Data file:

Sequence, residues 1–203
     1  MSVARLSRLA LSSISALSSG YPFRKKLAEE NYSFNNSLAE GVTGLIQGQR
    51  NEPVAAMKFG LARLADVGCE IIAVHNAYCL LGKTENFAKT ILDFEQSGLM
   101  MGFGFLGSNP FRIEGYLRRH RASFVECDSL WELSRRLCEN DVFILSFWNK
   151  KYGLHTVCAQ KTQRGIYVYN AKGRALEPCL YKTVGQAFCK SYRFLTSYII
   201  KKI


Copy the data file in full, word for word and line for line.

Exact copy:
Sequence, residues 1–203
     1  MSVARLSRLA LSSISALSSG YPFRKKLAEE NYSFNNSLAE GVTGLIQGQR
    51  NEPVAAMKFG LARLADVGCE IIAVHNAYCL LGKTENFAKT ILDFEQSGLM
   101  MGFGFLGSNP FRIEGYLRRH RASFVECDSL WELSRRLCEN DVFILSFWNK
   151  KYGLHTVCAQ KTQRGIYVYN AKGRALEPCL YKTVGQAFCK SYRFLTSYII
   201  KKI